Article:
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gie did flie to him. And here because he semed to speake of many thinges beside our purpose, whereof we spake before, he was aunswered of hys own fellowes, and I let them talke.

Finally, we departed in peace, and maister Secretary promised in þe end, that of their talke there should come to me no harme. And after I had made my mone for lacke of my bookes, hee sayd they were all once geuen him: MarginaliaBysh. Ridleys bookes geuen away.but sith I know (sayd he) who hath them now, write me the names of such as ye woulde haue, and I wyll speake for you the best I can.

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Vpon the articles aboue mencioned, and inquisition made vpon the same, diuers Ministers were diuorced from their wyues. MarginaliaMinisters diuorced from their wiues. Amongest whom was one Iohn Draper, and Ioane Golde hys wyfe, in the Diocesse of London, troubled and vexed for the same by Boner bishop of London, who sent forth a commission with a processe, to sequester and seperate them, inioyning also penaunce to the poore woman.

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Besides this Iohn Draper, diuers other also were diuorced the same time against their wyls, and some cōtented of their own vnconstant accord, to be seperated frō their wiues: as of Chichester one (who because he soone recouered againe, shall be here nameles) an other named Edmond Alstone, an other Alexander Bull, amongest whom also was Doctor Standish, with many other: whose names together in the end of this story of Queene Mary, we may peraduenture, by Gods grace in a generall catologue, together comprehend. 

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Foxe's comment that he planned an appendix listing priests who divorced their wives under Mary (1563, p. 931; 1570, p. 1591; 1576, p. 1358; 1583, p. 1428) explains his gathering together in his papers lists of clergy deprived for marriage (see BL Harley 421, fols. 56r-63v). Apparently Foxe decided against publishing this appendix, probably because it would have embarrassed too many Elizabethan clerics.

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¶ How Tho. Cranmer Archb. Bish. Ridley, and M. Latimer were sent down to Oxford to dispute, with the order and maner, and all other circumstances vnto the said disputation, and also to their cōdēnation appertaining. 
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Block 17: Preparations for the Oxford Disputations

The account of the disputations at Oxford in April 1554 is the heart of Book 10. Foxe took special pains both in acquiring information about the disputations and in shaping it. The number of different versions upon which Foxe was able to draw and his meticulous, almost obsessive care in editing, make the section on the Oxford disputations the most complex in Book 10, if not in the entire Actes and Monuments. The intensive rewriting and editing of Foxe's account of the disputations, while making it difficult to collate, also provide a remarkable look at Foxe's editorial goals and practices.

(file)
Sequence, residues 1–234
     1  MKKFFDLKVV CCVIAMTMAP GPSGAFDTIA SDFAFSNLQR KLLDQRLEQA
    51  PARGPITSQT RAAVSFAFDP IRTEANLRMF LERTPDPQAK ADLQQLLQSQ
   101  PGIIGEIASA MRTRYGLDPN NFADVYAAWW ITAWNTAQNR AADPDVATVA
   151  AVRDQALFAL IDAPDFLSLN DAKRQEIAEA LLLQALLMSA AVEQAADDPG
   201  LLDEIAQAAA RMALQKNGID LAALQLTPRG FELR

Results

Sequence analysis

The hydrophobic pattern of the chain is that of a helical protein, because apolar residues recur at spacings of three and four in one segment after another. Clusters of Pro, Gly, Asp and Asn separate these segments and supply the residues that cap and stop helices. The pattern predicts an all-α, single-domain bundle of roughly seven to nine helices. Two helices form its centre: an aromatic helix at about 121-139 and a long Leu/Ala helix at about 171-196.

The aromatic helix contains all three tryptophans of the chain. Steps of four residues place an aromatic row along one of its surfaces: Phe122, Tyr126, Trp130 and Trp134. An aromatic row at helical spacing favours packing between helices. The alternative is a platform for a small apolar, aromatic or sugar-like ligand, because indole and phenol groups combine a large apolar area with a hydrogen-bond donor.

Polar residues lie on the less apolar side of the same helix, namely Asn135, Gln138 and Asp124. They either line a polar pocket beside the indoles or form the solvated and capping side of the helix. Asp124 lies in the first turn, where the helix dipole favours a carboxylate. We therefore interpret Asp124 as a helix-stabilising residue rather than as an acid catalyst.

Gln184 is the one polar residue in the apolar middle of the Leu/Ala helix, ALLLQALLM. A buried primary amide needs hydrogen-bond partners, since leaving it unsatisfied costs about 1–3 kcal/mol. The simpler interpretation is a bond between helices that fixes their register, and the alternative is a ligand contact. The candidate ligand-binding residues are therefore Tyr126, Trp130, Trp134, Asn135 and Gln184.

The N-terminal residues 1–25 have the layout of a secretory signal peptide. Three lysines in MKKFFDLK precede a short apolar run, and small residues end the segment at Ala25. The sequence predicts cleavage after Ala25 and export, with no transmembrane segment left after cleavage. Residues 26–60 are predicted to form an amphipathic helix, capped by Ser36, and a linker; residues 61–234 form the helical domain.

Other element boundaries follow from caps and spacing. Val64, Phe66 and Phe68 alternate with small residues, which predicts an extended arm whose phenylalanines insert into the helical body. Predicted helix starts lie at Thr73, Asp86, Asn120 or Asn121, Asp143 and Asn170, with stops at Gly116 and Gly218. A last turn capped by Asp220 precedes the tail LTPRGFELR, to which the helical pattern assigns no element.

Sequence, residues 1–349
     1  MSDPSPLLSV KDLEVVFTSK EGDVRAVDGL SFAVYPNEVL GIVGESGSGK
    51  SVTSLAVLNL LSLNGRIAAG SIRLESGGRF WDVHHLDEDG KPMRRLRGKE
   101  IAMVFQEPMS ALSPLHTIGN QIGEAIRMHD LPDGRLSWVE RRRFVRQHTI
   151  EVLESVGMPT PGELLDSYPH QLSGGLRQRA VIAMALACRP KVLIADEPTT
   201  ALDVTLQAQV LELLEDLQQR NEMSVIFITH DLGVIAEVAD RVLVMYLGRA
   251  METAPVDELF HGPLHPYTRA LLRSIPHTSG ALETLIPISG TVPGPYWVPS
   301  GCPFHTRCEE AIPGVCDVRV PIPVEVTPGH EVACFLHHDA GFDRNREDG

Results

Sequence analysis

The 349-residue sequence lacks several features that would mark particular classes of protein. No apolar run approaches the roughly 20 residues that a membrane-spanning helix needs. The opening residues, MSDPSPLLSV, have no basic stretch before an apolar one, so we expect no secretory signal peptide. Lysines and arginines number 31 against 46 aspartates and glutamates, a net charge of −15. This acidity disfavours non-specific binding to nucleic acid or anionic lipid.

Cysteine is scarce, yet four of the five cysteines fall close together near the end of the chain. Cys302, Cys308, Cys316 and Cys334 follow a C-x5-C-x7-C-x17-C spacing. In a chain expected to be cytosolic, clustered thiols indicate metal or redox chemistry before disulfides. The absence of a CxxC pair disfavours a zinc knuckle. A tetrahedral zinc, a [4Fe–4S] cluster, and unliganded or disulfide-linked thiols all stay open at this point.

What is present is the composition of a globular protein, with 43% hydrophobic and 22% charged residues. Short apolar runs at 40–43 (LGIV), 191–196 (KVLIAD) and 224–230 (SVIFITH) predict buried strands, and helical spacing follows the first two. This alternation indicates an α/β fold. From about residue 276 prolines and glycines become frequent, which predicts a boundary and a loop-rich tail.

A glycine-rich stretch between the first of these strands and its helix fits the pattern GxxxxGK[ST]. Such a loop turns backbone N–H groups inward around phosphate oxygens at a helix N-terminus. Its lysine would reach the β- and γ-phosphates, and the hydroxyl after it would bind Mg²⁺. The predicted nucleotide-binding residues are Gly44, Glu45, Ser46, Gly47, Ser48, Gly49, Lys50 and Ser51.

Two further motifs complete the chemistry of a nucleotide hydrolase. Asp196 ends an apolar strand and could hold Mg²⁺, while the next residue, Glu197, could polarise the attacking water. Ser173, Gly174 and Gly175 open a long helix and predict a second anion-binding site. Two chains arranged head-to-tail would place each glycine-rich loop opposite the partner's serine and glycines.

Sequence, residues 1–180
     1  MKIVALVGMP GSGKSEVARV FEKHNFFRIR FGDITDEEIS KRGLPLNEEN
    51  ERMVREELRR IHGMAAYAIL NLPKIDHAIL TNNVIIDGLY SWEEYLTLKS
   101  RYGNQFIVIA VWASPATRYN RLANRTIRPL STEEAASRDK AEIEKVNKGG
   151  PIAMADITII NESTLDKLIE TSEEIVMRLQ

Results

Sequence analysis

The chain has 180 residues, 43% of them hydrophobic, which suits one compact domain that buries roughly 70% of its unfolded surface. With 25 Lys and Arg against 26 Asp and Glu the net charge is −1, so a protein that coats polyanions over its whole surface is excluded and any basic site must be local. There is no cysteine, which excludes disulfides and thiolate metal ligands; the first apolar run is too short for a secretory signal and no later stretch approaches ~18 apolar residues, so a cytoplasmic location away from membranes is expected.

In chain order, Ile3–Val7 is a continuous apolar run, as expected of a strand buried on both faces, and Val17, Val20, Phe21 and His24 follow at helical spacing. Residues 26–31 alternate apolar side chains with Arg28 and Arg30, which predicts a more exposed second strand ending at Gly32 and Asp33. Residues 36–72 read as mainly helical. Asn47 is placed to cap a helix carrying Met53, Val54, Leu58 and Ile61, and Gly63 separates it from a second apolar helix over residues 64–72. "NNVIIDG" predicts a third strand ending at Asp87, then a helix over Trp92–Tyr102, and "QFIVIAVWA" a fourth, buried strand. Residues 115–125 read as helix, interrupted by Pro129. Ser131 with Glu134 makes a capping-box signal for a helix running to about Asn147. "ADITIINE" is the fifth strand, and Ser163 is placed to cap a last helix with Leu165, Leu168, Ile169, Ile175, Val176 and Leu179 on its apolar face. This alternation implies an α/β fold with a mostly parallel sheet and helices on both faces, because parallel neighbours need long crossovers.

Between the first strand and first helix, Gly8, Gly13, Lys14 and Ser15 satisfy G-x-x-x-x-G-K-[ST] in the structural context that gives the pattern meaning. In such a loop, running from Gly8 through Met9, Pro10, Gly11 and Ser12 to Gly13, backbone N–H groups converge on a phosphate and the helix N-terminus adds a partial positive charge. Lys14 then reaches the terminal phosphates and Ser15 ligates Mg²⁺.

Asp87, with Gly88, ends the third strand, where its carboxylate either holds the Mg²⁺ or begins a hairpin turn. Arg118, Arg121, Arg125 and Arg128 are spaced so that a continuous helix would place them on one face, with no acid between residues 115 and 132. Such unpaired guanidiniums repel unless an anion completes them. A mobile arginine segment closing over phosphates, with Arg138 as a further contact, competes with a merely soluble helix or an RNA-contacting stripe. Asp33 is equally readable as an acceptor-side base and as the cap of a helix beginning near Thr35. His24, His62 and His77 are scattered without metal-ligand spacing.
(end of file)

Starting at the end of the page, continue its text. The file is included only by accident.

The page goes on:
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Paradoxically, the lengthy account of the preparations for the disputations, which one would expect, given its relative unimportance, to be fairly straightforward, is in fact remarkably intricate. There was nothing on these preparations in the Rerum, but in the 1563 edition Foxe had two separate reports of events, both by eyewitnesses. (The first informant's account was obtained by Foxe while in exile and used, sparingly, in the Rerum, for events during and after the disputation). Both informants were staunch protestants but their accounts are quite different. The first informant's account covers all of the disputations, the second informant merely the events preceding the actual disputations; consequently the second informant's account, although shorter, is more detailed. The second informant may have been connected to Oxford University as he is much more knowledgeable about the reaction of the Oxford faculty to the disputations. In the 1563 edition, Foxe did not have the time to synthesise the two accounts and he printed them separately (pp. 932-36 and 936-38 respectively). In the edition of 1570, Foxe welded the two accounts with remarkable patience and attention to detail.

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But why did Foxe bother with this carefully crafted and detailed account of what were merely the preparations for the disputations? Partly because, as we have seen, Foxe had good sources; but particularly because this detailed account enabled Foxe to set the David versus Goliath theme of the disputations; the pomp and ceremony of the serried ranks of academia defied by three lone men.

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How Thomas Cranmer...